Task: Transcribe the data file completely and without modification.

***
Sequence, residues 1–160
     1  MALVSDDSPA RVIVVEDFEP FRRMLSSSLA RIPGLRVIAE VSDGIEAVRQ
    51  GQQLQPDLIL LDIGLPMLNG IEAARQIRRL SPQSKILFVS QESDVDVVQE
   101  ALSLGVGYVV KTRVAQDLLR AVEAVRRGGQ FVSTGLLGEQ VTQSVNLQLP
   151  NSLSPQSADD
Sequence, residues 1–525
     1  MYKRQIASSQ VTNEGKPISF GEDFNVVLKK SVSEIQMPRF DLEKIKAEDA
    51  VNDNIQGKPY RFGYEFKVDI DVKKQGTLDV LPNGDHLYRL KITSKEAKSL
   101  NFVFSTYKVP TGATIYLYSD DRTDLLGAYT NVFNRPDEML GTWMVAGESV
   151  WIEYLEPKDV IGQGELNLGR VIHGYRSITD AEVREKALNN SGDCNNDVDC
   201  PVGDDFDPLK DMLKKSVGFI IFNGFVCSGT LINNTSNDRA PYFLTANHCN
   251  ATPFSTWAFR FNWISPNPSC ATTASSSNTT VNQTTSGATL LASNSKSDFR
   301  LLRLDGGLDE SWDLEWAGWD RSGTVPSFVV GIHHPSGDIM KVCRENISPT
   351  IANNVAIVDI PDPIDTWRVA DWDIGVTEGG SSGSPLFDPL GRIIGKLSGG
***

Sequence, residues 1–160
     1  MALVSDDSPA RVIVVEDFEP FRRMLSSSLA RIPGLRVIAE VSDGIEAVRQ
    51  GQQLQPDLIL LDIGLPMLNG IEAARQIRRL SPQSKILFVS QESDVDVVQE
   101  ALSLGVGYVV KTRVAQDLLR AVEAVRRGGQ FVSTGLLGEQ VTQSVNLQLP
   151  NSLSPQSADD
Sequence, residues 1–525
     1  MYKRQIASSQ VTNEGKPISF GEDFNVVLKK SVSEIQMPRF DLEKIKAEDA
    51  VNDNIQGKPY RFGYEFKVDI DVKKQGTLDV LPNGDHLYRL KITSKEAKSL
   101  NFVFSTYKVP TGATIYLYSD DRTDLLGAYT NVFNRPDEML GTWMVAGESV
   151  WIEYLEPKDV IGQGELNLGR VIHGYRSITD AEVREKALNN SGDCNNDVDC
   201  PVGDDFDPLK DMLKKSVGFI IFNGFVCSGT LINNTSNDRA PYFLTANHCN
   251  ATPFSTWAFR FNWISPNPSC ATTASSSNTT VNQTTSGATL LASNSKSDFR
   301  LLRLDGGLDE SWDLEWAGWD RSGTVPSFVV GIHHPSGDIM KVCRENISPT
   351  IANNVAIVDI PDPIDTWRVA DWDIGVTEGG SSGSPLFDPL GRIIGKLSGG